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1871-1939 BY ROBERT S. WO0DW0RTH The Harlem district of New York City, in 1871, still, had the characteristics of a roomy residential suburb. "Both sides of 125th Street from Fifth Avenue to the Hudson River were occupied by white-painted frame mansions set in gardens." A house near Fifth Avenue stood in a large garden, part of a tract of several acres which had been acquired about 1800 by Michael Floy. This English-born great-grandfather of Margaret Floy Washburn was the last of her ancestors to arrive in this country, the others—Dutch, Flemish, English, Welsh, Scottish—having previously settled in New York, Maryland, Virginia and Connecticut. Michael Floy built up in Harlem a profitable business as florist and nurseryman. Others of her ancestors and senior relatives were druggists, teachers, clergymen, and one woman physician. Literary and musical tastes were shown by many in this large family group, though not professionally.

Dr. Washburn looked back with affection on her Harlem birthplace and childhood home. "It seems to me that my intellectual life began with my fifth birthday. I remember a few moments when I was walking in the garden; I felt that I had now reached an age of some importance, and the thought was agreeable. Thinking about myself was so new an experience that I have never forgotten the moment." Her father was in business at this time but a little later became an Episcopal minister serving parishes upstate in Walden and Kingston.

He was a man of intellectual tastes but uncertain temper. Her mother's nature, she said privately, was perfectly balanced with natural strength and sweetness of character, a fine mind and musical talent. Her own early schooling was anything but regular. She learned to read at home at an early age and read a great deal, "enjoying the blessed privilege of an only child to be undisturbed when at leisure." She attended small private schools for three or four years, and a public school for a year 27 s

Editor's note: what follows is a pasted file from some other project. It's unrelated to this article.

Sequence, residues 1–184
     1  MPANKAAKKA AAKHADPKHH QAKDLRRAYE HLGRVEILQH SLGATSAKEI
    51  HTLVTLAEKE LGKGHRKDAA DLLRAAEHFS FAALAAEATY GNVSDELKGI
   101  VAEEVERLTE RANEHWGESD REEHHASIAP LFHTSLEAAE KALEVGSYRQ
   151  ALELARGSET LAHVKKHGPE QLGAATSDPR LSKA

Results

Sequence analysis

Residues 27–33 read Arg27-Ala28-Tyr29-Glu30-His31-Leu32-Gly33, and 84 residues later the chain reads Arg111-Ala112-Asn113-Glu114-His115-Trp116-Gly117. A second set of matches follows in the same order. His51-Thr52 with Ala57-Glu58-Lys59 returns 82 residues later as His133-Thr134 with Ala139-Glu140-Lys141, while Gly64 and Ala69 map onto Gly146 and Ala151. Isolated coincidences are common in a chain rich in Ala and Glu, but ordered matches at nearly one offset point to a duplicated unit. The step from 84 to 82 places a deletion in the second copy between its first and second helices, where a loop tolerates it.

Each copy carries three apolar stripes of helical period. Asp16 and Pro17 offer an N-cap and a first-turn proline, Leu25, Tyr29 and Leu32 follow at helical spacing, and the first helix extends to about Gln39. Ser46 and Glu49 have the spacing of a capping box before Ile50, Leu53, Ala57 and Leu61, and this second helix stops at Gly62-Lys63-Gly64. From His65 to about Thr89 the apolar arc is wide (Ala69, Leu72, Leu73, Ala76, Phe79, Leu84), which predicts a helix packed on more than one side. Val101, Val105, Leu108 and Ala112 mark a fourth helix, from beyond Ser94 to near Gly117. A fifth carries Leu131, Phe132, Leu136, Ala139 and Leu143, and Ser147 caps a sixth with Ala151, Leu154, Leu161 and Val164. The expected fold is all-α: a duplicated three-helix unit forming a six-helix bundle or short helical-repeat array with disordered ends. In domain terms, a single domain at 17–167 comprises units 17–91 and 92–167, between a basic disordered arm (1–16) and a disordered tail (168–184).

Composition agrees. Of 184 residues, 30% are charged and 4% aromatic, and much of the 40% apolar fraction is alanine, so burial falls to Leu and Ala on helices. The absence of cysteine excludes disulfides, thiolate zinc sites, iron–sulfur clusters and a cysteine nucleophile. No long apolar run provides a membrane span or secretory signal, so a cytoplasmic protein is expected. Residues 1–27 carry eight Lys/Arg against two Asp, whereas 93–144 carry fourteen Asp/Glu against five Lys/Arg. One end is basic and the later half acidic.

or more before entering high school at the age of twelve.

She entered Vassar College at the age of sixteen. Her love for literature she continued to foster by private reading, while her intensive college work was in chemistry, biology, and philosophy. She graduated from Vassar in 1891.

"At the end of my senior year I had two dominant intellectual interests, science and philosophy. They seemed to be combined in what I heard of the wonderful new science of experimental psychology. Learning of the psychological laboratory just established at Columbia by Dr. Cattell, who had come... from the fountain-head, the Leipzig laboratory, I determined to be his pupil.... But Columbia had never admitted a woman graduate student: the most I could hope for was to be tolerated as a 'hearer.'... Dr. Cattell treated me as a regular student and required of me all that he required of the men.... At the end of the year... he advised me to apply for a graduate scholarship at... Cornell. I feel an affectionate gratitude to him, as my first teacher, which in these later years I have courage to express; in earlier times I stood too much in awe of him. While I was thus being initiated into Cattell's objective version of the Leipzig doctrine, the influence of William James's Principles was strong.... I went in the fall of 1892 to Cornell, where Titchener had just arrived from Oxford and Leipzig." * During her first year at Cornell she was Titchener's only major graduate student. The second year she was joined by Walter B. Pillsbury. Titchener, while ably representing Wundt's introspective experimental psychology, had not yet worked out his own rigidly "structural" or "existential" point of view, to which indeed these two earliest students of his never subscribed though they fully believed in the value of introspective methods. Pillsbury (2) "remembers Miss Washburn well from the Cornell period.... She was a brilliant conversationalist, inclined to be rather acid in her comments on men and things. Her keen sense of humor was fully developed at this time.... Titchener had not formulated his structuralism.